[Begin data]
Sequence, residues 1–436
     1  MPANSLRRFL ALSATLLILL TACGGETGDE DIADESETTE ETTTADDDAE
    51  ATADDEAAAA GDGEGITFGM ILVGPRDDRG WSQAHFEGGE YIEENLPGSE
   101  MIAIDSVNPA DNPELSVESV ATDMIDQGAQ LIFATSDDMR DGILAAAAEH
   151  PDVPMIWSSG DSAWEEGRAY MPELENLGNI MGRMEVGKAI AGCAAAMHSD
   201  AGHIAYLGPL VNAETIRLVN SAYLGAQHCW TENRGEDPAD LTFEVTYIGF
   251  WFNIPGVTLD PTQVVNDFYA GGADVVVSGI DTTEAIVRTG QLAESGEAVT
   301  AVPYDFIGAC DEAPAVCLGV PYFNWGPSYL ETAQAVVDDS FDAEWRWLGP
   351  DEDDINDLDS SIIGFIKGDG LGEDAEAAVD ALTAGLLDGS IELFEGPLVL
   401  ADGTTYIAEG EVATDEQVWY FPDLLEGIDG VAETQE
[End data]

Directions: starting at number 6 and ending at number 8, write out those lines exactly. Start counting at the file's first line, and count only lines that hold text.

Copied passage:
   201  AGHIAYLGPL VNAETIRLVN SAYLGAQHCW TENRGEDPAD LTFEVTYIGF
   251  WFNIPGVTLD PTQVVNDFYA GGADVVVSGI DTTEAIVRTG QLAESGEAVT
   301  AVPYDFIGAC DEAPAVCLGV PYFNWGPSYL ETAQAVVDDS FDAEWRWLGP